Free Speech On Campus: Utah State University Debates Where The Line Is
As the issue of free speech on university campuses makes headlines in various forms, a northern Utah university is trying to start a conversation with its students.
The issue of free speech on university campuses often comes down to one question: where is the line? How can universities find balance between students’ right to free speech and providing a safe learning environment for students?
On Wednesday, Utah State University hosted a panel discussing the issue. The event was moderated by Dean Joseph Ward of the College of Humanities and Social Sciences.
Michael Scott Peters, Utah State’s student body president, emphasized the importance of tolerance among university students.
“Our student body theme is everyone belongs, that also means everyone’s idea belongs. Everyone is protected by free speech, and it’s our job to respect everyone’s opinion,” he said. “We may not always agree, but everyone does belong and so does their idea, because in the end we’re all part of the Aggie family.”
Rep. Justin Fawson of the Utah House of Representatives said he supported universities facilitating important conversations.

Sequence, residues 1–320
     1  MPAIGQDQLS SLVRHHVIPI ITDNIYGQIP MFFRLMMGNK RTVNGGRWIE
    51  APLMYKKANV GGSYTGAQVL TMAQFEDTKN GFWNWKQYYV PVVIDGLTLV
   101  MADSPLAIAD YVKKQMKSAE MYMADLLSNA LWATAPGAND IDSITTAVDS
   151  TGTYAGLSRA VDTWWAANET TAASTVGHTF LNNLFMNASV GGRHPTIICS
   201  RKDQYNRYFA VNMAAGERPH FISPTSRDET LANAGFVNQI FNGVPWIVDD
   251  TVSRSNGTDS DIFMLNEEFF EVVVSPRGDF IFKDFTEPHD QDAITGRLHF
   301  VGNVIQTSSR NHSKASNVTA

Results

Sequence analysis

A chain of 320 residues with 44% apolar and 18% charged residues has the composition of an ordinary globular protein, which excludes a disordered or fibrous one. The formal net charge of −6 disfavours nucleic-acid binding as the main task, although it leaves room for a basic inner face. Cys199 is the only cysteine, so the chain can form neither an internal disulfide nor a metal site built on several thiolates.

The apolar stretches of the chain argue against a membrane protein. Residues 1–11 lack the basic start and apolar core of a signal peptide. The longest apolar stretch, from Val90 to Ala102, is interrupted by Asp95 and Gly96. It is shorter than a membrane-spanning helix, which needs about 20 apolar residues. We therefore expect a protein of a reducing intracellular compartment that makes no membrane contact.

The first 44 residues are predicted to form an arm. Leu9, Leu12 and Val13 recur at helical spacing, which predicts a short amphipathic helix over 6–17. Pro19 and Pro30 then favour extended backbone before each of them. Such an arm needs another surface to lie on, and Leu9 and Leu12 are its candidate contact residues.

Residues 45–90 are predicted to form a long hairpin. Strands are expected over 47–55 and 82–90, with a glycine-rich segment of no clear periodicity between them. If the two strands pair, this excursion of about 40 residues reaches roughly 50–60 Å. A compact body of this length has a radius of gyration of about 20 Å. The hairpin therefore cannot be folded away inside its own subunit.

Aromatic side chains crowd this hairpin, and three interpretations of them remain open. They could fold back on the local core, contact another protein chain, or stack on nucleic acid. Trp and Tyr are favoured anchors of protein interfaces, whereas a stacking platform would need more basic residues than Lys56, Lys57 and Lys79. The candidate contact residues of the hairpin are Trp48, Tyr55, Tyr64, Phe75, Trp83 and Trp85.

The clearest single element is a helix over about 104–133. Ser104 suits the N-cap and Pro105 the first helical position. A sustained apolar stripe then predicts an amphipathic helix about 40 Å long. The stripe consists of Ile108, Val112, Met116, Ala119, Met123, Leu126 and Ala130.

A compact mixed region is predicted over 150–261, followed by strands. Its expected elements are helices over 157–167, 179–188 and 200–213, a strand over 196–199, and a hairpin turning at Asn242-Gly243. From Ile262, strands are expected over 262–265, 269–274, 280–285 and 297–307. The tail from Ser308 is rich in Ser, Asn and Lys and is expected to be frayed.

“I think it’s critical for our university students to make their own decisions about politics, about religion, about sexuality,” Fawson said. “So facilitating the conversation, great. I think it needs to be a balanced one.”
Kimberly Lott, associate professor at Utah State, said making students feel safe expressing their opinions was a key part of promoting free speech on university campuses. The data she references comes from a 2016 Gallup poll.
“I’m not sure what the solution is as an educator, but if you look at some of the numbers coming back from some of the surveys on college campuses, like 78 percent of students feel like you should be able to express any views even though they might be offensive to other people, but then on the other hand, you have 54 percent say they don’t feel comfortable saying those things because they feel like they might offend someone,” she said. “So I don’t know! It’s a quandary, I feel like.”
Marina Lowe, a member of the Legislative Policy Counsel at ACLU of Utah, said she was happy to see the university discuss the issue of free speech.
“The idea that this conversation is being had is so important,” Lowe said. “This notion of trying to find the line between free speech on one hand, and words that may cause hurt and harm on the other hand.”